The afternoon of Christmas Eve was spent in food preparation. Lots and lots of food preparation and it was well worth the effort. Matt makes the best turkey and even better gravy. The missionaries joined us for dinner and the after meal program.
Aliyah as the Angel Gabriel. She was in a hurry to go do other things so she just shouted "Jesus" and was off. But she sure looked cute.
Faith landed the role of Mary this year and took her role seriously as she pondered these things in her heart.
Here is Cannon as the pirate Joseph dreaming.
They were so proud to move into the starring roles this year. They're really moving up in the world.
And the angel appeared to the shepherds and they were sore afraid. You can see just how sore afraid Elinor is and what lovely ballet arms the angel has. And why am I looking at them like I am watching true art?
Then the wise men from the East came to offer their gifts of gold, frankincense, and myrrh (or in this case a wrapped ukelele, Little People, and Fancy Nancy books).
Is there anything that screams TRADITION like Christmas Eve pajamas? I love them. Grandma and Grandpa Cannon gave Faith, Cannon, George and Aliyah their jammies and Abe and I gave to the older kids. Everyone was happy. Faith was especially happy with her purple warm-up suit/PJs. She has been wanting a warm up suit to wear to gymnastics.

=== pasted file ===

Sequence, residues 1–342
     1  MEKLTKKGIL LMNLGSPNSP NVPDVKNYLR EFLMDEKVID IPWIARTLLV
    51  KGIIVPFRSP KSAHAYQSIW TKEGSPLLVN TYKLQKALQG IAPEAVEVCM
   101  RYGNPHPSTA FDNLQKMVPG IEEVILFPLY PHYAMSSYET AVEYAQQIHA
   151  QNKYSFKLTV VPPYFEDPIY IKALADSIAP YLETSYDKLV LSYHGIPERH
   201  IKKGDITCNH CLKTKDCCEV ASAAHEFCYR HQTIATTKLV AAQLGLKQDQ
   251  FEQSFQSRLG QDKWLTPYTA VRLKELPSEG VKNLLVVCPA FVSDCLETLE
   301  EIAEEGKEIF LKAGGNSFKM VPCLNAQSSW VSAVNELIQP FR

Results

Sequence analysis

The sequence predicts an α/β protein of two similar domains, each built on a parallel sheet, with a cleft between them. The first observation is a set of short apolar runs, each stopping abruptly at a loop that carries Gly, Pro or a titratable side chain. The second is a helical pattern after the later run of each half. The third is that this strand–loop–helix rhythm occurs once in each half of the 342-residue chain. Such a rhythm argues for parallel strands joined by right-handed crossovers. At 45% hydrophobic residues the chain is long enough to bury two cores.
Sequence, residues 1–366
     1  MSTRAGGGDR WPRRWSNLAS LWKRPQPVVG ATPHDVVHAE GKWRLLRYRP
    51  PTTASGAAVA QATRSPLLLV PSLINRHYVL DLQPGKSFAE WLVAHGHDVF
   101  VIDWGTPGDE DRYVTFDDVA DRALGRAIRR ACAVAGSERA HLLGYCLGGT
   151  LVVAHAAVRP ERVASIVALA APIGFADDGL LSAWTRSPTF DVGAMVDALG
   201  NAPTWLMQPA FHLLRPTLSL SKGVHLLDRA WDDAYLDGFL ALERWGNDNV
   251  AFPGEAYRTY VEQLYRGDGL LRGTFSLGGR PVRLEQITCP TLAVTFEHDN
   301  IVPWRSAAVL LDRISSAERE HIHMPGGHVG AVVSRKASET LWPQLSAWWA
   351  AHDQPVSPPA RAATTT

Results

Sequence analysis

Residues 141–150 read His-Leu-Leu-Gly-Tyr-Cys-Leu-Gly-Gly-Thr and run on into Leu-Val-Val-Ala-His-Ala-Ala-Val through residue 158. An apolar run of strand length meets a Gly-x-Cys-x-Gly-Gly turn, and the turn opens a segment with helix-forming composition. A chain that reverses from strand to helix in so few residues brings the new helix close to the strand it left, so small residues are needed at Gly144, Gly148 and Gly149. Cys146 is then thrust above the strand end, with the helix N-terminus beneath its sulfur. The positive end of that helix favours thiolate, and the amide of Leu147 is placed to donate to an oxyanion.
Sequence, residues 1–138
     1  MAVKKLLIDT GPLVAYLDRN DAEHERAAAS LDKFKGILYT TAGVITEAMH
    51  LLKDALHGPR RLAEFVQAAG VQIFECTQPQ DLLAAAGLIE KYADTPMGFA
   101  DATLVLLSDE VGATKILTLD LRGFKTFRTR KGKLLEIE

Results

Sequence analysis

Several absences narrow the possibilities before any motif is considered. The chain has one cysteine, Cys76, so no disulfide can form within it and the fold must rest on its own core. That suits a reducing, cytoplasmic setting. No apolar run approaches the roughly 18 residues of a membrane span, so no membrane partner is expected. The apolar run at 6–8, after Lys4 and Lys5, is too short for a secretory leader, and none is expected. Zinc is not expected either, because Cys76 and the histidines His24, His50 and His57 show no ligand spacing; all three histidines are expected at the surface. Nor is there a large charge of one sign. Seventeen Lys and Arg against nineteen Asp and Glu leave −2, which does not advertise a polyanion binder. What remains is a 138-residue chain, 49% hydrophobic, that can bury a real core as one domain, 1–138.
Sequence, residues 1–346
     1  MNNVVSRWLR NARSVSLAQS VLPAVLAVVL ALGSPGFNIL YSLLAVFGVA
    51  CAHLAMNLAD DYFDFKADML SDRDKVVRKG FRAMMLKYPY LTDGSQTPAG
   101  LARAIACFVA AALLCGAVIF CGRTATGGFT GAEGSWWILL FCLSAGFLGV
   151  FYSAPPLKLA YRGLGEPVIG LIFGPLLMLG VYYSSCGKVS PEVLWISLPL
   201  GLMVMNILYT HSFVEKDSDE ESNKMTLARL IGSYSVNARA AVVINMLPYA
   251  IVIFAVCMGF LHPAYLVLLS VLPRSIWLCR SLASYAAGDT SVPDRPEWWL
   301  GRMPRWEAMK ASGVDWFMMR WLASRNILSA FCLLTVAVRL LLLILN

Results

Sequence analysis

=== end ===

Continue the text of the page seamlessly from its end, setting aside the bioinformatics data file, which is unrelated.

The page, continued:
Abe and Clark got matching pajama pants but I like this picture because it looks like they just got one humongous pair of pants to share. Hee hee.
Matt did the honors of reading "Twas the Night Before Christmas". My dad always read us this poem from the same book just before going to bed every Christmas Eve. Matt did a great job because he made the same little jokes at just the right places that our dad used to do. For example, Matt read "He turned like a jerk" instead of "He turned with a jerk." Also instead of saying "Laying a finger aside of his nose " he read, "Laying a finger inside of his nose." Ha, ha ha! It just never gets old!
Our most bizarre Christmas Eve tradition is the reading of The Cajun Night Before Christmas. Grandma Fox gave us this book back before we even had any children and I'm not quite sure why we read it. We aren't from the south, we don't have any French ancestry, we can't really relate culturally to it, and I don't think we understand half of what it's talking about. But it is funny to listen to Abe read it as it is written in a heavy cajun dialect.
Still, it's weird.